Although PFPS is a clinical diagnosis, imaging may be helpful to rule out other causes of knee pain. Imaging may be beneficial if the patient's pain has not improved after four to eight weeks of conservative measures. Plain radiography of the knee can rule out osteoarthritis in patients older than 50 years, patellar fractures in patients with a history of trauma, and osteochondritis if these diagnoses are suggested by the history or physical examination.7 The anteroposterior, lateral, and sunrise or Merchant views can be particularly helpful. Structural abnormalities such as minor patellar cartilage defects, bone marrow lesions, and increased signal in the Hoffa fat pad that are visible on magnetic resonance imaging are not associated with PFPS.26 Therefore, magnetic resonance imaging is not recommended in the evaluation for PFPS.26
Treatment of PFPS should focus on early pain relief.27 Relative rest, ice, and analgesics are recommended to reduce pain, but physical therapy is the cornerstone of treatment.
Analgesics, such as nonsteroidal anti-inflammatory drugs (NSAIDs), glucocorticoids, and glycosaminoglycan polysulphates, have been studied in randomized trials. A 2004 Cochrane review of pharmacotherapy for PFPS found low-quality evidence and conflicting results.28 If analgesics are used, a short course of NSAIDs is preferred. In one small double-blind randomized trial, one week of naproxen improved pain compared with placebo. High-quality studies showing pain reduction with longer courses of NSAIDs are lacking.28
Because of the multiple contributing factors of PFPS, therapy should be individualized.27 Exacerbating movements or activities should be avoided, although the patient should otherwise remain as active as possible.5 A Cochrane review concluded that patients who exercise generally have improvement in short-term and long-term pain, both at rest and with activity, when compared with those who do not exercise.3 Exercise regimens should focus on the hip, trunk, and knee. There are no high-quality data to recommend one type of exercise over another.3 Core muscle strengthening reduces pressure on the patellofemoral joint by stabilizing muscle recruitment.29 Strengthening exercises and flexibility training of the associated muscle groups should be performed three times per week for six to eight weeks.30 Several commonly recommended exercises were illustrated previously in American Family Physician (https://www.aafp.org/afp/2015/1115/p875.html#sec-2).30 Exercise should be continued for long-term pain relief and improved functionality.31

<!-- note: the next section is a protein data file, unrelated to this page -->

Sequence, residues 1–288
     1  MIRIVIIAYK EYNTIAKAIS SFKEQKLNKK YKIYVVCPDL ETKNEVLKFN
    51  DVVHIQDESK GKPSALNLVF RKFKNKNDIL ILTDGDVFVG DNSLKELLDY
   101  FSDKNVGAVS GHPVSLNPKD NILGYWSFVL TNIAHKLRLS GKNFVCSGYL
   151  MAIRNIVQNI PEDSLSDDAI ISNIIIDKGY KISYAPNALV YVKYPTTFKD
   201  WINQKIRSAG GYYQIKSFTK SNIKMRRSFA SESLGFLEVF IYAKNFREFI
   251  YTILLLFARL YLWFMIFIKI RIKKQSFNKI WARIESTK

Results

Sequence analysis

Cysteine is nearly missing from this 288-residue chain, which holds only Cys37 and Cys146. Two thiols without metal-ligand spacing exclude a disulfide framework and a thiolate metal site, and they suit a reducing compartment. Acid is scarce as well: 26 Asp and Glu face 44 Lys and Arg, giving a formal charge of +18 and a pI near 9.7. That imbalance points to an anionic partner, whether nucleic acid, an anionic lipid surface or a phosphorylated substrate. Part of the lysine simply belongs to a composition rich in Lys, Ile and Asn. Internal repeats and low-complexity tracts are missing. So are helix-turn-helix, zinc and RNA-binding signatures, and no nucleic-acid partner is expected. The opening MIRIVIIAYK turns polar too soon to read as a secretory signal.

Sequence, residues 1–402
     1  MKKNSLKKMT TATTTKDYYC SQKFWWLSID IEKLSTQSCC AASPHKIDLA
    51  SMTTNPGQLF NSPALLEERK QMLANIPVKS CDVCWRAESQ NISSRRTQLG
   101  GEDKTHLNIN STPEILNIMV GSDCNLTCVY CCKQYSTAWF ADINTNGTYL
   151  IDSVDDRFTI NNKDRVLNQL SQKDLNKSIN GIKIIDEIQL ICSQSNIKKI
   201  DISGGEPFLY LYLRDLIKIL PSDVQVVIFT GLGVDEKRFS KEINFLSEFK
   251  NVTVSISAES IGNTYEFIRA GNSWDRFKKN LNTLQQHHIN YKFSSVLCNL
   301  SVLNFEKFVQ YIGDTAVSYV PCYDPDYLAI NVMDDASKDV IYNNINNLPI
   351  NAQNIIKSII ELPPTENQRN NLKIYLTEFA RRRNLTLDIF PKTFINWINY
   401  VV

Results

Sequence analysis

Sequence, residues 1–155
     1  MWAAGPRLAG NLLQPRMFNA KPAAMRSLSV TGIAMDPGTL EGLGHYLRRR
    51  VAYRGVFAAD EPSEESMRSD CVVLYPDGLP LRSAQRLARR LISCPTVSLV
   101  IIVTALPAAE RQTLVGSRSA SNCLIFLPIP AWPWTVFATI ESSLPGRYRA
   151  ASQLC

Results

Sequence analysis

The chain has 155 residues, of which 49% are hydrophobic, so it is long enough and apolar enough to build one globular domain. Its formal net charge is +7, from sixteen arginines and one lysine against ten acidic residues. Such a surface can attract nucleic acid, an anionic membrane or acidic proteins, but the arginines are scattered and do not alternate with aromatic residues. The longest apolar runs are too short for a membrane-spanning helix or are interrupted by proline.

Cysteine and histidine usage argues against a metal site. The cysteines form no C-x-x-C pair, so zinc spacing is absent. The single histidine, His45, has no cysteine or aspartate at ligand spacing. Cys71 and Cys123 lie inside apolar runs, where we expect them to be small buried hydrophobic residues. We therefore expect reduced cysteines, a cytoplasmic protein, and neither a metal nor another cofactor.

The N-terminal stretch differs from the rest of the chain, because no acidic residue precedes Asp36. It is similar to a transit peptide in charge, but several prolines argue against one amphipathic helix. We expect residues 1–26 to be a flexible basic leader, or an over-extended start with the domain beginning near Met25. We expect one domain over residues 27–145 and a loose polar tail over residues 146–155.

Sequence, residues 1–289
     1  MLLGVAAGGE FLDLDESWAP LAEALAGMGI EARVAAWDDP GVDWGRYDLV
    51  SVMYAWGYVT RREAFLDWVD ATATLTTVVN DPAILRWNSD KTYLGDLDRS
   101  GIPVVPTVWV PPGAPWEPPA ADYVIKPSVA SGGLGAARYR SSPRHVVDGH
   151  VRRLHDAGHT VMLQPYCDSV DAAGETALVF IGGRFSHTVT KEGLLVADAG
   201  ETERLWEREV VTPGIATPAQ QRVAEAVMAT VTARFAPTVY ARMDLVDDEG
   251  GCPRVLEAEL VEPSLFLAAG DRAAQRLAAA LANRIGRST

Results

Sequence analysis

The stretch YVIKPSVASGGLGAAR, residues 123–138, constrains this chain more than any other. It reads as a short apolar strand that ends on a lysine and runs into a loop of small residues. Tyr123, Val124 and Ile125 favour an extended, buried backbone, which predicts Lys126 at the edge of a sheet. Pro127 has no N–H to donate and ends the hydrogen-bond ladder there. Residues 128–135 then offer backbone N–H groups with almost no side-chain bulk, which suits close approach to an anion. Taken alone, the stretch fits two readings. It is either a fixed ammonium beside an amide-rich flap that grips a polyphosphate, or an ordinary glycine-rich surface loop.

Beyond rest and exercise, other early therapies for PFPS include taping and foot orthotics.32 Kinesiotaping (Figure 3) can temporarily help improve patellar maltracking in athletes, although it is likely more beneficial earlier in the course of PFPS.30 In a single randomized trial of 90 patients, kinesiotaping improved short-term pain when added to exercises and physical therapy.33 However, a Cochrane review of five older trials found that the overall evidence is insufficient to recommend routine use of kinesiotaping.34 Foot orthotics can help correct dynamic valgus secondary to pes pronatus and rearfoot eversion, although it is unclear if they reduce pain.33–35 Combining exercise with foot orthotics is likely more beneficial than either treatment alone. Knee braces have not demonstrated benefit over exercise.36
Patellofemoral mobilizations and electrophysical therapies such as therapeutic ultrasound and transcutaneous electrical nerve stimulation are not recommended.31 Surgery has not been studied sufficiently to demonstrate improved clinical outcomes over conservative strategies, and should be performed only after conservative measures have failed and subsequent imaging elucidates a surgical indication.37
Data Sources: The search strategy centered primarily on identifying systematic reviews, meta-analyses, and randomized controlled trials that focused on treatment of patellofemoral pain syndrome. The key words used were patellofemoral pain syndrome, specifically conservative treatment, risk factors, demographics, Q angle, taping, exercise, and patellofemoral joint anatomy. Key sources included PubMed, Cochrane, UpToDate, Essential Evidence Plus, and the references from the 2009 AFP article on patellofemoral pain syndrome. Search dates: September 13 to December 18, 2017.
The opinions and assertions contained herein are the private views of the authors and are not to be construed as official or as reflecting the views of the U.S. Army Medical Department or the U.S. Army Service at large.